Before describing how machine learning techniques have been applied to text filtering it is useful to consider more carefully how information about the user can be acquired. Rich defined a distinction between ``explicit'' models which are ``constructed explicitly by the user'' and ``implicit'' models which are ``abstracted by the system on the basis of the user's behavior'' . Both implicit and explicit user models are found in text filtering systems (SIFT, for example, uses an explicit model). The machine learning techniques we describe in section can be used to create what Rich called implicit models.
In order to construct an implicit user model we must be able to observe both the user's behavior and the salient features of the environment in which that behavior is exhibited. In the case of text filtering, the salient elements of the environment are the documents which have been examined by the user. Section 5.1 described how information about those documents can be acquired, either from contents or from annotations made by others.
In section 4 we presented several examples of how representations of previously seen documents can be combined with evidence of the user's interest in those documents to predict interest in future documents. With the exception of InfoScope, every system we have described requires the user to explicitly evaluate documents, a technique we refer to as ``explicit feedback.'' Explicit feedback has the advantage of simplicity. Furthermore, in experimental systems explicit feedback has the added advantage of minimizing one potential source of experimental error, inference of the user's true reaction. But in practical applications explicit feedback has two serious drawbacks. The first is that a requirement to provide explicit feedback increases the cognitive load on the user. This added effort works against one of the principal benefits of a text filtering system, the reduced cognitive load that results from an information space more closely aligned with the user's perspective. This problem is compounded by the observation that numeric scales may not be well suited to describing the reactions humans have to documents. For example, is a document which address the information need well but contains little expository text better or worse than a document that is easily understood but less complete? These difficulties motivate the study of implicit feedback mechanisms.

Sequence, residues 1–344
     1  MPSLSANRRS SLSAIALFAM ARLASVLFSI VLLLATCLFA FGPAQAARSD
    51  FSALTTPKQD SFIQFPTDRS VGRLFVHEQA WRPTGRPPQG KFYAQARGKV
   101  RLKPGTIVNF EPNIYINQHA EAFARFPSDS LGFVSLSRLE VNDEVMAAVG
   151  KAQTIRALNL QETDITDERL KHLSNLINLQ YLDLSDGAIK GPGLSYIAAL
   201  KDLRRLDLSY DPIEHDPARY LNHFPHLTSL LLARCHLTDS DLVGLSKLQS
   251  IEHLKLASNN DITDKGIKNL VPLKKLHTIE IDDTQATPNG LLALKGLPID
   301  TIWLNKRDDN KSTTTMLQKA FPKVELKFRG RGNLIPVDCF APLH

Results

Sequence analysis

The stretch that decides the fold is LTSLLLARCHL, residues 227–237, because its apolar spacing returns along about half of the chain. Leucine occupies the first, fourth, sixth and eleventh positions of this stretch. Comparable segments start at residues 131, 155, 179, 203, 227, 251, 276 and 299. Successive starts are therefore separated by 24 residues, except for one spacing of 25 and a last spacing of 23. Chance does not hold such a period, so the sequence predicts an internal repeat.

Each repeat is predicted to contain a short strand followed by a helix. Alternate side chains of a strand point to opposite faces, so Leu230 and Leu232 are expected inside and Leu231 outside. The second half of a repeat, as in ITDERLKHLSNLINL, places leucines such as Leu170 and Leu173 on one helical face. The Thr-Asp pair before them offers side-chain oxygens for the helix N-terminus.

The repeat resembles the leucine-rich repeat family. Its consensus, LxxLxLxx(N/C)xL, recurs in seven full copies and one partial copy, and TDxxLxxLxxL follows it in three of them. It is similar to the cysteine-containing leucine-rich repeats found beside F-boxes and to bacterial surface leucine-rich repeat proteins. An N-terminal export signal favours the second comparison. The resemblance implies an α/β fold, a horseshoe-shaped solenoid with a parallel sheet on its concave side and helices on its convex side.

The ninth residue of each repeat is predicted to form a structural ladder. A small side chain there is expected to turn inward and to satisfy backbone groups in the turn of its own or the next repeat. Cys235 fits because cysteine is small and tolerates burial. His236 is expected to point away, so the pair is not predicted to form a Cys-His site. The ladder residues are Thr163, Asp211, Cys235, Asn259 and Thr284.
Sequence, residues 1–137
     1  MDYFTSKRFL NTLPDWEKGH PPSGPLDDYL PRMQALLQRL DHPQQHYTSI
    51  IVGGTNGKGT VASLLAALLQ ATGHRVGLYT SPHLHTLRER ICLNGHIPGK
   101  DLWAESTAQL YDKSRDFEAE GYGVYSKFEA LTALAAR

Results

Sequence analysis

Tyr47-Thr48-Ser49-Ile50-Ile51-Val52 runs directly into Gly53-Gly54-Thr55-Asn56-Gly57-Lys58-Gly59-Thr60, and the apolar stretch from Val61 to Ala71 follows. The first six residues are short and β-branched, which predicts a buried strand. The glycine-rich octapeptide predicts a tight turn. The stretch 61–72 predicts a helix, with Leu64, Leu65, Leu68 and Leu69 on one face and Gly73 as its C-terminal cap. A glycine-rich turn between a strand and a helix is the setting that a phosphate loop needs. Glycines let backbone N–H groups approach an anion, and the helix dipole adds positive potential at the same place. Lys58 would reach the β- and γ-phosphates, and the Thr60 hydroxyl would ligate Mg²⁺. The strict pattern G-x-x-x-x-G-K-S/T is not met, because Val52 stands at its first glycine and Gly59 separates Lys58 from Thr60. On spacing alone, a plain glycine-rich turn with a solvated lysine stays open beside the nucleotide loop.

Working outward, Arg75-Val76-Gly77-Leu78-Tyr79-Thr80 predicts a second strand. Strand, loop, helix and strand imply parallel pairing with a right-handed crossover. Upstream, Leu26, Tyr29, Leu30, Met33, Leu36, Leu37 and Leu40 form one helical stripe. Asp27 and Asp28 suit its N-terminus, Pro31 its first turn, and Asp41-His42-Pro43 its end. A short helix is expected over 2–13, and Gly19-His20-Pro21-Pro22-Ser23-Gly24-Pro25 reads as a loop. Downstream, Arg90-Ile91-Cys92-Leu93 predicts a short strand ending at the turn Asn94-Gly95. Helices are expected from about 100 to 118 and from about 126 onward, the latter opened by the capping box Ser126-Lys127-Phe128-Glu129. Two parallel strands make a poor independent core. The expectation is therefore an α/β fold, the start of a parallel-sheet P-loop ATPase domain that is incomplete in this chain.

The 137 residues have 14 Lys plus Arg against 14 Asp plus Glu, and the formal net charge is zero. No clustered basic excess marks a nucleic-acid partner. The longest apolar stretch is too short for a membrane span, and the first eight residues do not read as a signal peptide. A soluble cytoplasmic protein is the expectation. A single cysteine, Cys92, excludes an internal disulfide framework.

In his InfoScope system, Stevens observed three sources of implicit evidence about the user's interest in each message: whether the message was read or ignored, whether it was saved or deleted, and whether it was replied to or not. Because the users decision to read or ignore the message was necessarily based on a summary of the same message header information that InfoScope used to construct feature vectors, it would be reasonable to assume that the ``read or ignore'' decision would be nearly as useful as explicit feedback. InfoScope did, however, allow explicit feedback as well.
Morita and Shinoda also investigated implicit feedback for filtering Internet News articles, using both save and reply evidence but substituting reading duration for InfoScope's ``read or ignore'' evidence . In a six week study of eight users, they found a strong positive correlation between reading time and explicit feedback provided by the user on a four-level scale. Furthermore, they discovered that interpreting as ``interesting'' articles which the reader spent more than 20 seconds reading produced better recall and precision in a text filtering experiment than using documents explicitly rated by the user as interesting. This surprising result reinforces our observation that users sometimes have difficulty expressing their interest explicitly on a single numeric scale.
Since the experimental subjects were asked to read articles without interruption, it is not clear whether such useful relationships can be found in environments where reading behavior is more episodic. But Morita and Shinoda's results, coupled with the anecdotal evidence reported by Stevens, suggest that implicit feedback may be a practical source of features to which machine learning algorithms can be applied. Both implicit and explicit feedback produce features that are associated with documents. But unlike the feature vectors which describe the document's contents, feature vectors based on implicit or explicit feedback describe the user's reaction to the document.